Antigone was the daughter of Oedipus and his mother Jocasta; her story has come down to us principally through Sophocles’ tragedy of the same name. Sophocles wrote his work as a reaction to the banning from Athens of Themistocles, the hero of the naval battle of Salamis. Here Sophocles dealt with the question of morally justified opposition to the power of tyranny. Hegel once praised Sophocles’ Antigone as the most perfect work of art known to him. In 1841 Mendelssohn, as newly appointed master of royal music, was commissioned by King Friedrich Wilhelm IV of Prussia to compose incidental music for the play. It was first heard at a performance given at the King’s private theatre, in a German translation by Johann Jakob Christian Donner which retained the verse forms of antiquity. Published in 1838/39, it soon become the most popular German version of the play. Contrary to the normal customs regarding incidental music at that time the choruses of the ancient tragedy, with an overture to precede the play. For this recording the spoken text has been written by Helmuth Flashar. Frieder Bernius has recorded this little-known music of Mendelssohn with the Klassische Philharmonie Stuttgart and the men’s voices of the Kammerchor Stuttgart.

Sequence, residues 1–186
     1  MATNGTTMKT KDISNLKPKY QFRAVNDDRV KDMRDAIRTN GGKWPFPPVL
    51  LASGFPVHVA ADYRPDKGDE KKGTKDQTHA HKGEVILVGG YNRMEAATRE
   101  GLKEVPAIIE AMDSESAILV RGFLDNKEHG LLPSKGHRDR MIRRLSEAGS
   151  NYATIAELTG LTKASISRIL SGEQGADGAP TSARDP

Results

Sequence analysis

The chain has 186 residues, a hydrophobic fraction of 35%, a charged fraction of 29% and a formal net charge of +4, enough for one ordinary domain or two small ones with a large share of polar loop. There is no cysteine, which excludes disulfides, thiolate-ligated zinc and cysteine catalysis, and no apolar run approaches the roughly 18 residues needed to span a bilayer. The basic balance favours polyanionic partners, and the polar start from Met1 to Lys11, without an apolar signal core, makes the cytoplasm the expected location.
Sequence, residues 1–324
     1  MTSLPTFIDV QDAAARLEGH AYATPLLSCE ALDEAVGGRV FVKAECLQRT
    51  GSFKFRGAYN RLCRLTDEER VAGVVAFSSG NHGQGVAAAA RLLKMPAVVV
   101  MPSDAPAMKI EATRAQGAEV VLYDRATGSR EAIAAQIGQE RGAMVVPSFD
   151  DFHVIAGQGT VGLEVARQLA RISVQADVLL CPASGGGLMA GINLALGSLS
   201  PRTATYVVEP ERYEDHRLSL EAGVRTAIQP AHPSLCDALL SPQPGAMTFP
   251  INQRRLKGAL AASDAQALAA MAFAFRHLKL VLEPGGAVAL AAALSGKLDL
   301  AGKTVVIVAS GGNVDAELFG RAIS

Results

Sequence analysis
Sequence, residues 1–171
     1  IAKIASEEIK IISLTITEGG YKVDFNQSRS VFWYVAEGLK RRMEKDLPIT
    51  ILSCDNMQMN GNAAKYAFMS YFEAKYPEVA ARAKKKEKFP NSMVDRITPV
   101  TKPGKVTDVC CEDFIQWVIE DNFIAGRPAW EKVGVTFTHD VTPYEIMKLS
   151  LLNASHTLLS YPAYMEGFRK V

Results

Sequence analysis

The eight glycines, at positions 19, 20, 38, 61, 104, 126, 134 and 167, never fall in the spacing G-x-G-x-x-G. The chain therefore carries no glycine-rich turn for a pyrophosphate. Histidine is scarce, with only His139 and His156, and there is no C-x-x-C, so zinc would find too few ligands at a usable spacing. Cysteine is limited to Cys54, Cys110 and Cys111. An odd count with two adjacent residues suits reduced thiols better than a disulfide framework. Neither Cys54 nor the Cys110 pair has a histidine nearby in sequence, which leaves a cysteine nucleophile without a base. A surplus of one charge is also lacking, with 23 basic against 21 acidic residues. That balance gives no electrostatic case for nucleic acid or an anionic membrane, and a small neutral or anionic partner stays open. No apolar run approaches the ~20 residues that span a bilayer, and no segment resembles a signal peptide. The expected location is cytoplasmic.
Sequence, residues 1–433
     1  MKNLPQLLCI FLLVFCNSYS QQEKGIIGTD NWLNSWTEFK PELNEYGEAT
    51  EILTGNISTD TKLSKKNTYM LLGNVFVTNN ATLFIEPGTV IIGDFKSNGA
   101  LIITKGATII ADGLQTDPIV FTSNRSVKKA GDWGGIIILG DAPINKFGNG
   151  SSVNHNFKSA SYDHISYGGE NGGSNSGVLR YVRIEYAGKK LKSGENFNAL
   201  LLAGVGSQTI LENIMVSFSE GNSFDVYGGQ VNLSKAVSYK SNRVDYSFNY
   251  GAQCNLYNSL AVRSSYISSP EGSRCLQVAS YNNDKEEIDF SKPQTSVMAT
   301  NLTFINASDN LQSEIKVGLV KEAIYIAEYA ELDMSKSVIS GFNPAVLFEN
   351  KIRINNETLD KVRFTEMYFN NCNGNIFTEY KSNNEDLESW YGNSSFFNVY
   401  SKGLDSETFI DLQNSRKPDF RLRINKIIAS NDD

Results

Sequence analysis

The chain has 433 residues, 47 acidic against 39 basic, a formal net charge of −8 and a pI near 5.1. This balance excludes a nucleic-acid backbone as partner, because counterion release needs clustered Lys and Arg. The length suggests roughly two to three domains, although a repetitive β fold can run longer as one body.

- Frieder Bernius Personal details
- Klassische Philharmonie Stuttgart Personal details
- Angela Winkler Personal details
- Joachim Kuntzsch Personal details
- Michael Ransburg Personal details
- Julia Nachtmann Personal details
Soloist - bass
- Manfred Bittner Personal details
- Kammerchor Stuttgart Personal details
- Felix Mendelssohn Bartholdy Personal details
Niemand scheint momentan kompetenter in Sachen Mendelssohn zu sein als Frieder Bernius, ... Die diffizilen Oden gestalten die Mendelssohn-erprobten Sänger kraftvoll, vorbildlich transparent und mit Sinn für dramatische Verdichtungen, ohne der introvertierten Musik äußere Effekte abzuzwingen.